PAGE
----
What are you doing when you’re not reading, writing, teaching, or answering questions for EerdWord?

Well, that’s a hard question. Anyway, I know what I would like to do: besides being a husband, father, and grandfather, I would definitely like to be able to play more golf!

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Table of Contents for Reading Philo

Introduction and Motivation

Philo of Alexandria: An Introduction
Torrey Seland

Philo of Alexandria in Context

Philo as a Jew
Karl-Gustav Sandelin

Philo as a Citizen: Homo politicus
Torrey Seland

Philo — An Interpreter of the Laws of Moses
Peder Borgen

Philo and Classical Education
Erkki Koskenniemi

“The Jewish Philosophy”: Reading Moses via Hellenistic Philosophy according to Philo
Gregory E. Sterling

Why and How to Study Philo

Why Study Philo? How?
Torrey Seland

Philo’s Exposition of the Law and Social History: Methodological Considerations
Adele Reinhartz

Philo’s Relevance for the Study of Jews and Judaism in Antiquity
Ellen Birnbaum

Philo’s Relevance for the Study of the New Testament
Per Jarle Bekken

Philo in the Patristic Tradition: A List of Direct References
David T. Runia

Click to order Reading Philo: A Handbook to Philo of Alexandria.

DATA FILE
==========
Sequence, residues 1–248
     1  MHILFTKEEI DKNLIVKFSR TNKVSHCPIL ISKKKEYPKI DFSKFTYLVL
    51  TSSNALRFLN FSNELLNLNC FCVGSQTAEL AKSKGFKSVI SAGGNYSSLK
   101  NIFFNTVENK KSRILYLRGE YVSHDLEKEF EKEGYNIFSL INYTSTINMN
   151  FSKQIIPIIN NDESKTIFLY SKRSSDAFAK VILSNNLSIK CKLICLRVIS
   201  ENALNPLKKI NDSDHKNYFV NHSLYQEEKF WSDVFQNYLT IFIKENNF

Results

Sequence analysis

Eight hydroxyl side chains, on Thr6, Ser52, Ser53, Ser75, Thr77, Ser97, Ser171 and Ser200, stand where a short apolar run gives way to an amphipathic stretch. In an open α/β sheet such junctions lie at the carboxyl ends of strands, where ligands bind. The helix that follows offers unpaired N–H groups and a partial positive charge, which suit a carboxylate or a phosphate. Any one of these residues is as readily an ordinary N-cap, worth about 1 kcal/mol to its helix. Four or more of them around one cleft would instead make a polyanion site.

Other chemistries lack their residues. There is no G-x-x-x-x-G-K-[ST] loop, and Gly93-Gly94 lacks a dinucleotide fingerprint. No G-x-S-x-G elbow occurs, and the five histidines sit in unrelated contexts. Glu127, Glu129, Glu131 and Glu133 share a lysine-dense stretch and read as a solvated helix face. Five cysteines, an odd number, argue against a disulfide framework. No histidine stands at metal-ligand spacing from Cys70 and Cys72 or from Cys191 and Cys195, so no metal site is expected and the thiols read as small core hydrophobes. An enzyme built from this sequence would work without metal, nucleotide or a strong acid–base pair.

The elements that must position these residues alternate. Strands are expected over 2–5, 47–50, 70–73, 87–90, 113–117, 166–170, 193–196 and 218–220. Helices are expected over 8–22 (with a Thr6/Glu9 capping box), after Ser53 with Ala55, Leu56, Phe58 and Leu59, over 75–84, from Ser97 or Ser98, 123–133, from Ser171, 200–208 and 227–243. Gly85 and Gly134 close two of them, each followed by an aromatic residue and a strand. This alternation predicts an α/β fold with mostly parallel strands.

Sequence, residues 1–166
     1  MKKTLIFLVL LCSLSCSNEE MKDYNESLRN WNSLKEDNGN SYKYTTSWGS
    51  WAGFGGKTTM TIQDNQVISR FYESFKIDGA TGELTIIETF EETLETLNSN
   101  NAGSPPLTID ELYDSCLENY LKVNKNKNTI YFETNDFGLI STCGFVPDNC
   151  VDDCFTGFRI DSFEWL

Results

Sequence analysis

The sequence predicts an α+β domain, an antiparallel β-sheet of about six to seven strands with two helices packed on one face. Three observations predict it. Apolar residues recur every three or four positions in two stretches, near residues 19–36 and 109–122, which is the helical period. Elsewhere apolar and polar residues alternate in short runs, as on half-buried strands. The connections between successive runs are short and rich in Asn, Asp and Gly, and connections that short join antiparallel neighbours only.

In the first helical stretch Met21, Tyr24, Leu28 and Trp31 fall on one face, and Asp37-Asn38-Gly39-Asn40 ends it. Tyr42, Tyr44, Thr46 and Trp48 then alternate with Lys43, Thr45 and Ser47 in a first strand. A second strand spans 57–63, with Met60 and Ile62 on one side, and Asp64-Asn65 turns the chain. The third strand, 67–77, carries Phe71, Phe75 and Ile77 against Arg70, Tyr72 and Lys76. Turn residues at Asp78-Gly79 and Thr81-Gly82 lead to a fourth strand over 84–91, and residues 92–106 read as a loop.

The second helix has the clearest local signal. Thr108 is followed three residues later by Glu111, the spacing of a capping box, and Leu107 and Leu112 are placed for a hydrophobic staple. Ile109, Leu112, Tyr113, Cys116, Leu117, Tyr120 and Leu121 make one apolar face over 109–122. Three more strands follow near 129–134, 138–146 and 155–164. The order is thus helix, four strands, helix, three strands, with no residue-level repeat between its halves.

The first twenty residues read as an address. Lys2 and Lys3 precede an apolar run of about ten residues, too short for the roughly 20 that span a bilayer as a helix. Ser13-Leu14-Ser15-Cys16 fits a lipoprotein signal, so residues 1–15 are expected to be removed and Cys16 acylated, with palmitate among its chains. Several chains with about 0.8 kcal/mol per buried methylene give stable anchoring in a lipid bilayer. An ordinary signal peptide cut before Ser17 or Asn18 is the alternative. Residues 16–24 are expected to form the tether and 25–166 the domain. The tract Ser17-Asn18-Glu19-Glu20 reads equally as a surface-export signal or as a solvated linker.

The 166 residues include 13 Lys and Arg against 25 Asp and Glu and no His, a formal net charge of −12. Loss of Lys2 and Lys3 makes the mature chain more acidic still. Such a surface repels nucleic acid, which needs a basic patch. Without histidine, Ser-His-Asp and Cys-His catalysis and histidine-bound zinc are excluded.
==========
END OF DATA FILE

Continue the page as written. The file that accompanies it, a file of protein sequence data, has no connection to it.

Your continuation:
The November weather may be wet and blustery; the November world may be dreary and brown. Even so, take heart: some things in life are still leafy and colorful.

Picture books, for example.

Leaf through a good picture book, and, likely as not, you’ll find every color of the rainbow smiling back at you.

To celebrate Picture Book Month in November, we’re highlighting a few of our many beautiful picture books on Eerdmans.com this month.

Visit our website to view the complete collection, or read on to discover five great books . . .

Thank You, God

Thank You, God

Thank You, God
Written by J. Bradley Wigger
Illustrated by Jago

This bright, lyrical book offers readers of all ages and backgrounds the perfect chance to reflect on all the things that they have to be grateful for. Thank You, God is a celebration of family and friends, of homes and food to share, and of the wonder of creation from the first light of day to the calm, peaceful night.

With its elegant yet accessible text and vibrant illustrations, Thank You, God is sure to have a powerful impact on readers as it encourages them to view the world around them with fresh eyes.

“An inspiring and accessible introduction to the practice of prayer.”
— Publishers Weekly (STARRED review)

Watch the book trailer.

Brother Hugo and the Bear

Brother Hugo and the Bear

Brother Hugo and the Bear
Written by Katy Beebe
Illustrated by S. D. Schindler

Brother Hugo can’t return his library book — the letters of St. Augustine — because, it turns out, the precious book has been devoured by a bear! Instructed by the abbot to borrow another monastery’s copy and create a replacement, the hapless monk painstakingly crafts a new book, copying it letter by letter and line by line. But when he sets off to return the borrowed copy, he finds himself trailed by his hungry new friend. Once a bear has a taste of letters, it appears, he’s rarely satisfied!